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I was wondering how to implement a function get_words() that returns the words in a string in a list, stripping away the punctuation.

How I would like to have it implemented is replace non string.ascii_letters with '' and return a .split().

def get_words(text):

    '''The function should take one argument which is a string'''

    returns text.split()

For example:

>>>get_words('Hello world, my name is...James!')

returns:

>>>['Hello', 'world', 'my', 'name', 'is', 'James']
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I formatted your question for you. Please use the code button ({}) next time. –  Johnsyweb Oct 3 '11 at 9:44

3 Answers 3

Try to use re:

>>> [w for w in re.split('\W', 'Hello world, my name is...James!') if w]
['Hello', 'world', 'my', 'name', 'is', 'James']

Although I'm not sure that it will catch all your use cases.

If you want to solve it in another way, you may specify characters that you want to be in result:

>>> re.findall('[%s]+' % string.ascii_letters, 'Hello world, my name is...James!')
['Hello', 'world', 'my', 'name', 'is', 'James']
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is there a way of doing it using string.ascii_letters? –  James Smith Oct 3 '11 at 9:42
4  
@James If it is homework, mark your question with appropriate tag. –  Roman Bodnarchuk Oct 3 '11 at 9:43

This has nothing to do with splitting and punctuation; you just care about the letters (and numbers), and just want a regular expression:

import re
def getWords(text)
    return re.compile('\w+').findall(text)

Demo:

>>> re.compile('\w+').findall('Hello world, my name is...James the 2nd!')
['Hello', 'world', 'my', 'name', 'is', 'James', 'the', '2nd']

If you don't care about numbers, replace \w with [A-Za-z] for just letters.


I almost answered this question here: Python strings split with multiple separators

But your question is actually underspecified: Do you want 'this is: an example' to be split into:

  • ['this', 'is', 'an', 'example']
  • or ['this', 'is', 'an', '', 'example']?

I assumed it was the first case.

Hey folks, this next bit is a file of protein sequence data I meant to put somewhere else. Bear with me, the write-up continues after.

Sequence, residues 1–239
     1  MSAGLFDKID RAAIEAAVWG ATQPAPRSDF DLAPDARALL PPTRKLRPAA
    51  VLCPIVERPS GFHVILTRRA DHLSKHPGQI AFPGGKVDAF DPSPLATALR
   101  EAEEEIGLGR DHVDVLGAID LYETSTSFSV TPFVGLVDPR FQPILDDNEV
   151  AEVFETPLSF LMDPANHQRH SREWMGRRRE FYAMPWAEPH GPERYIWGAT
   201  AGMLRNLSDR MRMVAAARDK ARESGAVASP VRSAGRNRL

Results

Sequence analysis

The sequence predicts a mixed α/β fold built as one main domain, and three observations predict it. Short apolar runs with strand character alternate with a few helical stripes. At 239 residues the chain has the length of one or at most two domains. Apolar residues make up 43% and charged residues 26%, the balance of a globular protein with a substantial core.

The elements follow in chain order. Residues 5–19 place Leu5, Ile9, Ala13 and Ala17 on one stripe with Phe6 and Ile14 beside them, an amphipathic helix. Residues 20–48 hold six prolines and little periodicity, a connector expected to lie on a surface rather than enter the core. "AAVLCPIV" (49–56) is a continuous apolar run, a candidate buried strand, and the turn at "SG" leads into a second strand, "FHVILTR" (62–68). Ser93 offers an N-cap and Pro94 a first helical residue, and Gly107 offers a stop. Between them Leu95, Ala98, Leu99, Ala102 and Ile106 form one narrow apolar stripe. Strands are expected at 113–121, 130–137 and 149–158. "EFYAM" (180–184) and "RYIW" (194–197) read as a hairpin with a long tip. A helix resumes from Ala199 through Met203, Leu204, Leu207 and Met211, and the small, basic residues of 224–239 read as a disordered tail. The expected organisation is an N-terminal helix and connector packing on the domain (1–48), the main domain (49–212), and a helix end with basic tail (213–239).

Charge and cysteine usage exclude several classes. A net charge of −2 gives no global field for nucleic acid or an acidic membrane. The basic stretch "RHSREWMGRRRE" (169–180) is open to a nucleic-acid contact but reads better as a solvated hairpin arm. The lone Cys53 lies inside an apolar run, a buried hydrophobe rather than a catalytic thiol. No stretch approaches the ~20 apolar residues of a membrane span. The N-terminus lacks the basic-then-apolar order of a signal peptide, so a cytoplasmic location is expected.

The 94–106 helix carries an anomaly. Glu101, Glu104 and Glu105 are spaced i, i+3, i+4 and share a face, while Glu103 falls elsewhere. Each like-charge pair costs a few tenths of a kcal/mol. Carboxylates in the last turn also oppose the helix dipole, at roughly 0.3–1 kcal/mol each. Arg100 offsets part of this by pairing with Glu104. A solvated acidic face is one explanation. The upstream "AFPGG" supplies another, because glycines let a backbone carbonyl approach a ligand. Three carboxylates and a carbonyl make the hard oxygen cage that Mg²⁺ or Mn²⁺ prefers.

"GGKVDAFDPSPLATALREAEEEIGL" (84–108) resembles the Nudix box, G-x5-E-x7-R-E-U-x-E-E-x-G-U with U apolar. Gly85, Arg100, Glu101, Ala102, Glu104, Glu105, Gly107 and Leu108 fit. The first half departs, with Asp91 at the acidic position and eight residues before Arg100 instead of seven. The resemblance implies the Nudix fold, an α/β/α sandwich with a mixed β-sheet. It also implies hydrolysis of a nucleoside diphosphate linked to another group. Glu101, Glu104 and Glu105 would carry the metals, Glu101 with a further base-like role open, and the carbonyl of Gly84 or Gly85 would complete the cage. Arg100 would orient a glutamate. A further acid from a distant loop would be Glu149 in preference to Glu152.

[this', 'is', 'an', example'] is what i want. is there a method without importing regex? If we can just replace the non ascii_letters with '', then splitting the string into words in a list, would that work? – James Smith 2 mins ago

The regexp is the most elegant, but yes, you could this as follows:

def getWords(text):
    """
        Returns a list of words, where a word is defined as a
        maximally connected substring of uppercase or lowercase
        alphabetic letters, as defined by "a".isalpha()

        >>> get_words('Hello world, my name is... Élise!')  # works in python3
        ['Hello', 'world', 'my', 'name', 'is', 'Élise']
    """
    return ''.join((c if c.isalnum() else ' ') for c in text).split()

or .isalpha()


Sidenote: You could also do the following, though it requires importing another standard library:

from itertools import *

# groupby is generally always overkill and makes for unreadable code
# ... but is fun

def getWords(text):
    return [
        ''.join(chars)
            for isWord,chars in 
            groupby(' My name, is test!', lambda c:c.isalnum()) 
            if isWord
    ]

If this is homework, they're probably looking for an imperative thing like a two-state Finite State Machine where the state is "was the last character a letter" and if the state changes from letter->nonletter then you output a word. Don't do that; it's not a good way to program (though sometimes the abstraction is useful).

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[this', 'is', 'an', example'] is what i want. is there a method without importing regex? If we can just replace the non ascii_letters with '', then splitting the string into words in a list, would that work? –  James Smith Oct 3 '11 at 10:00

.All you need is a tokenizer. Have a look at nltk and especially at WordPunctTokenizer.

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